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Re: notebooks default context

  • To: mathgroup at smc.vnet.net
  • Subject: [mg112278] Re: notebooks default context
  • From: Albert Retey <awnl at gmx-topmail.de>
  • Date: Tue, 7 Sep 2010 06:08:02 -0400 (EDT)
  • References: <i64kfg$39a$1@smc.vnet.net>

Hi,

> Firstly a problem, my packages (.m)  keep having their context reset
> to global every time I open them to edit rather than "unique to each
> cell"  to which I have previously set them to.
> 
> THIS IS THE QUESTION (rest waffle)
> I would like to set a notebooks default context to "Unique to each
> cell" in a notebook initialisation cell. Usually I use "Unique to this
> notebook" from the menu (which is fine and persists), however on
> occasion I would like to tighten things up.
> 
> ------------
> WAFFLE
> ------------
> I think I don't clearly understand the use of the Package` context
> instructions. My basic package setup is as follows (which works):
> 
> BeginPackage[ "Package`"]
>   Begin[ "Public`"]
>      preProcess`outNB[nb_] = "something";
>   End[];
>   Begin[ "Private`"]
>   End[]
> End[]
> 
> so this is could be one source  of the problem.
>
> This is part of a general question on good programming technique in
> mathematica. My instinct is that for non-trivial notebooks and
> packages "unique to cell" is the best method and the results should
> then be put into a context for the notebook to make them available to
> other cells.

I think as long as your work is all in one notebook, you usually don't
really need to take too much care about namespaces (Contexts) at all.
The use of Contexts only makes sense if your code gets complex enough so
that the use of different namespaces for different encapsulated parts of
your code is necessary to keep it maintainable. In these cases I think
the "best practice" is to create a single file for each of these parts,
and create a package file (*.m) which contains the BeginPackage/Begin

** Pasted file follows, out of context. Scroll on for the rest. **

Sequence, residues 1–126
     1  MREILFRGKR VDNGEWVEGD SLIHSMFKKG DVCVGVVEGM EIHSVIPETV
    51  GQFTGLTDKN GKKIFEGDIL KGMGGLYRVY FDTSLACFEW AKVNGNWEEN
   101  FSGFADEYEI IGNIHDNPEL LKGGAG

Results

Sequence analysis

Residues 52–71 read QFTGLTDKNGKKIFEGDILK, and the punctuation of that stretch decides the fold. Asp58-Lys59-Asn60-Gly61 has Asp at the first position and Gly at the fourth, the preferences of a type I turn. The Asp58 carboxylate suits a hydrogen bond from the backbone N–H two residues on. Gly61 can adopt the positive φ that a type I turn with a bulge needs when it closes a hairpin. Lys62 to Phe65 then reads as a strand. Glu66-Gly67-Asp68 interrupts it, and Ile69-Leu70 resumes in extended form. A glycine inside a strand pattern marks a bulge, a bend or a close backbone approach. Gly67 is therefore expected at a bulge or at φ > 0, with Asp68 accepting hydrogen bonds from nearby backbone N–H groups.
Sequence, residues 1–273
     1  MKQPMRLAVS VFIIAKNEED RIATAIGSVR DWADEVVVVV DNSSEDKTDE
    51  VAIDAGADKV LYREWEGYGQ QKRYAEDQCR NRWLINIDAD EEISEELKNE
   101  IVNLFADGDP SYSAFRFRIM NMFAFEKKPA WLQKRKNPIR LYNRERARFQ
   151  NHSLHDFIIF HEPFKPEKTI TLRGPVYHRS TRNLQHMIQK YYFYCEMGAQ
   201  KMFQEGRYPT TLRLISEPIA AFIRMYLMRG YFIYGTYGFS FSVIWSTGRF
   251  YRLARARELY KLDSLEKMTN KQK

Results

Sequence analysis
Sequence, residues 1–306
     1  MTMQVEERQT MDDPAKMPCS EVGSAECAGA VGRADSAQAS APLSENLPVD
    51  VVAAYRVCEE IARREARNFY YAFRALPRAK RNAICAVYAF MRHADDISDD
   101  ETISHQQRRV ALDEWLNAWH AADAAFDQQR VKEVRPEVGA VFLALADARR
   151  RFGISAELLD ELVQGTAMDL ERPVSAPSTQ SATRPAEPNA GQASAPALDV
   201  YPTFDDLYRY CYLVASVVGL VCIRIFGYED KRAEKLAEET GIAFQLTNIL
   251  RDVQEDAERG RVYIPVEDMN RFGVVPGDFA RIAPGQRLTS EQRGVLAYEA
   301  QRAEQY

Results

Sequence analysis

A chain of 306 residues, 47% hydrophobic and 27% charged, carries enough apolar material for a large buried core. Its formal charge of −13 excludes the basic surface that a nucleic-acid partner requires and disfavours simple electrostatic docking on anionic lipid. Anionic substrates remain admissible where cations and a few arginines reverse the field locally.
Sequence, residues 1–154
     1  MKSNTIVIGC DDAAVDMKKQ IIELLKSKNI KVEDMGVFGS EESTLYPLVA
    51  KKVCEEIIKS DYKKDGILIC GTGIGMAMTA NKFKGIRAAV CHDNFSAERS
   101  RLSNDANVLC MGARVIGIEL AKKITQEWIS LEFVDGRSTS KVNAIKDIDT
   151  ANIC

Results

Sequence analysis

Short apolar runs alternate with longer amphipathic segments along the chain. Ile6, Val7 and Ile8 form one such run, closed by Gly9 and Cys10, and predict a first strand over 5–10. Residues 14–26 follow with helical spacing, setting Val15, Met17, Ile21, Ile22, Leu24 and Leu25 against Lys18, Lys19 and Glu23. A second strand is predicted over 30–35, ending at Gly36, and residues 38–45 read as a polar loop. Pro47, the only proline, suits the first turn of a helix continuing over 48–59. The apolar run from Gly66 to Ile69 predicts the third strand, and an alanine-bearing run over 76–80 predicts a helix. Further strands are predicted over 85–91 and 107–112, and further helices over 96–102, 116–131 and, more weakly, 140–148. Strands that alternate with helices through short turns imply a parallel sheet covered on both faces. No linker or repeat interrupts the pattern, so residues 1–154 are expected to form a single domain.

stuff that controls in which Context the various symbols will be created.

You would then use Needs or Get in the notebook(s) that make use of the
packages. The use of the settings for default contexts is actually a
relatively new feature that seems to be used mainly in the documentation
notebooks. It could probably be used also when developing and debugging
packages or when creating graphical user interfaces, but I don't think
that there are many people actually using it, and it is not really
necessary and certainly an advanced feature. I would suggest that you
don't care about it until you really are sure you know how to use
contexts and packages in a more standard way.

Concerning your package structure: you are using a Begin["Public`"]
which is very unusual, do you have a good reason to do so? The usual
setup is:

BeginPackage["MyPackage`"]
   publicfunction::usage = "publicfunction...";
   Begin["`Private`"]
      publicfunction[x_,y_]:=privatefunction[x]+y;
      privatefunction[x_]:=x^2;
   End[]
End[]

Every symbol that is mentioned between the BeginPackage and Begin will
be public, everything else will be private. When you load such a
package, you will usually not need to explicitly use the package context
anywhere in your code, since the package context will be on
$ContextPath, so all public symbols of the package can be addressed
without explicit context prefixes.

Also note that only with a leading ` the "`Private`" context will be
"MyPackage`Private`", otherwise the private symbols of all your packages
will live in the same context, "Private`", which is usually exactly what
you try to avoid by using contexts.

> Regarding a previous post on fonts I now use:
> 
>    SetOptions[$FrontEnd, FontFamily->"Arial"];
>    SetOptions[$FrontEnd, FontSize->10];
> 
> as soon as you ask the question, the solution suddenly becomes clear!

If this works for you, I don't know an important reason to not do so,
but I think the usual way to control the appearance of fonts is to
create or change stylesheets. You usually would create your own style
sheet, probably inherting from one that is close to what you want, and
then, if you want it to be used as a default, set the
DefaultStyleDefinitions option in the option inspector to use that
stylesheet.

hth,

albert


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